Thursday, March 21, 2013

Swim Lessons

Chlorine hair
My swimming career got off to an inauspicious start as a member of the Mayfair Flyers. The Mayfair Flyers were part of the City of Stockton "B" League.  The idea behind the "B" league was that the participants needed to swim slower than a "B" time.  If you swam too fast (got an "A" time) then you couldn't swim that event again in that age group.

Not sure who thought this was a good idea, but to me it seems to encourage kids not to get too fast.  In fact, a lot of kids would sand bag the entire 2-1/2 month swim season and then blow it out at the City Championships. I like the way Manteca handles their rec league much better.  You can swim as fast as you want, but you can only compete during the months of April - Oct (unless you are a high school swimmer).  This encourages kids to become better, faster swimmers.  Eventually, they make the leap to year round swimming.

Mayfair pool (Anderson Park) is now a skate park
Anyway, during the swim season, we would practice twice a day.  I don't think the pool was heated and can still remember freezing in the mornings.  After practice, we would hang out in the park at the rec center waiting for the pool to open for afternoon swimming.  We would swim all afternoon playing Marco Polo or "Sharks & Minnows".  My mom must have made us go home to eat, but I know that we were usually there again in the evenings for another practice.  My hair was always shiny and green at the end of the summer.

So 70's
Now, you might be thinking that I must have been pretty good after all of that swimming.  Unfortunately that was not the case. (HINT: I never got an "A" time and I didn't swim in high school). The Mayfair Flyers were coached by whoever was life-guarding that summer.  Sometimes they would be good, other times not so good.  A couple of summers, the coaches ended up being a couple of the older boys on the team.  Their coaching style consisted of yelling at people and throwing kickboards at your head if you stopped in the middle of a lap.  Needless to say, there was no stroke correction or any kind of technique work.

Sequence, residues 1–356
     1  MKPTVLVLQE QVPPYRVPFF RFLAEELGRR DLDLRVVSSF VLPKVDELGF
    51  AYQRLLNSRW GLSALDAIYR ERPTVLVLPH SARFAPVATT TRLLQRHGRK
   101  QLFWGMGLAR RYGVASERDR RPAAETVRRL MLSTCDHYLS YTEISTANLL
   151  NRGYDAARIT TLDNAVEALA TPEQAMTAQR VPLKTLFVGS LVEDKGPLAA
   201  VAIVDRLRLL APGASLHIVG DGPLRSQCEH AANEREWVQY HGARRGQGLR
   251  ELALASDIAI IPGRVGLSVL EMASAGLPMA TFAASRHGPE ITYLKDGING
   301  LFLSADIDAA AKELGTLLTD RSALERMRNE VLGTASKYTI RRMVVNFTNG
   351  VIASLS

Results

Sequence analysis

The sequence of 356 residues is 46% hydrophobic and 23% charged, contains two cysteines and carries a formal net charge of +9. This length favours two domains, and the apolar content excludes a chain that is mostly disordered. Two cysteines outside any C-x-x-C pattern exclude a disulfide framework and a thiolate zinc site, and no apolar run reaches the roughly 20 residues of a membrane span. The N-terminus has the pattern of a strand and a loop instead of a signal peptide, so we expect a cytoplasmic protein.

Fast forward 30 plus years and I am back on a team (although it is a triathlon team) and swimming laps.  I keep waiting for Coach James to yell at me, but he doesn't.  He is one of the most patient people I know.  I say this because he has been diligently working on my stroke technique since last August and I am finally starting to get it!  Yes, I am a bit of a slow learner...old dog, new tricks...whatever ;-)

Currently I am trying to remember/incorporate the following while I am swimming:
  • Bilateral breathing
  • Hand entry position
  • High elbows
  • The catch
  • Pulling 
  • Keeping my hands wide
  • Hip rotation
  • Shoulder roll
  • Remembering to kick
  • Flip-turns (overrated, in my opinion, for a triathlete LOL) 

Unfortunately, I have been unable to do all of these things at the same time with any sort of consistency.  When I try focusing on one aspect, another one falls apart.  Last night I was concentrating so hard on what I was doing that I ran into the lane line.  Doh!  

Regardless of my aquatic incompetence, I am persevering.  I have a 1.2 mile swim looming in the near future and I need to be ready.  Because James has finally gotten my stroke to come together (thank you James!), I now look forward to swim practice.  Swimming no longer feels like torture.  Yes, it is still a challenge and yes, I have a lot of stuff to work on.  However, I am thrilled to be enjoying myself in the pool again.  Maybe one day James will let us play "Sharks and Minnows" ;-)